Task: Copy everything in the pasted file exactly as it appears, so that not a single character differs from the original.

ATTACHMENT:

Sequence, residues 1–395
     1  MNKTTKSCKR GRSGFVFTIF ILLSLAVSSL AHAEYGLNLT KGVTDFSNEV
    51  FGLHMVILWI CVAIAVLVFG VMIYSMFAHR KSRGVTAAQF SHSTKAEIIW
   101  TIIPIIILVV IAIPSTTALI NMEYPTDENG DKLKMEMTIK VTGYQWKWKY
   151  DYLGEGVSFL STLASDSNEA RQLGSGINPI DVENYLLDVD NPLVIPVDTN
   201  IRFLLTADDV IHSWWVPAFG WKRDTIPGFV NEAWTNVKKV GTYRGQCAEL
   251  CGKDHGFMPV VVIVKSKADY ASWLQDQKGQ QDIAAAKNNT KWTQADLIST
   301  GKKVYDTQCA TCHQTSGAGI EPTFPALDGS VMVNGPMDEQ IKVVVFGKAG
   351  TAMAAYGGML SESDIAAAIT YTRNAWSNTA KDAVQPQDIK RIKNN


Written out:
Sequence, residues 1–395
     1  MNKTTKSCKR GRSGFVFTIF ILLSLAVSSL AHAEYGLNLT KGVTDFSNEV
    51  FGLHMVILWI CVAIAVLVFG VMIYSMFAHR KSRGVTAAQF SHSTKAEIIW
   101  TIIPIIILVV IAIPSTTALI NMEYPTDENG DKLKMEMTIK VTGYQWKWKY
   151  DYLGEGVSFL STLASDSNEA RQLGSGINPI DVENYLLDVD NPLVIPVDTN
   201  IRFLLTADDV IHSWWVPAFG WKRDTIPGFV NEAWTNVKKV GTYRGQCAEL
   251  CGKDHGFMPV VVIVKSKADY ASWLQDQKGQ QDIAAAKNNT KWTQADLIST
   301  GKKVYDTQCA TCHQTSGAGI EPTFPALDGS VMVNGPMDEQ IKVVVFGKAG
   351  TAMAAYGGML SESDIAAAIT YTRNAWSNTA KDAVQPQDIK RIKNN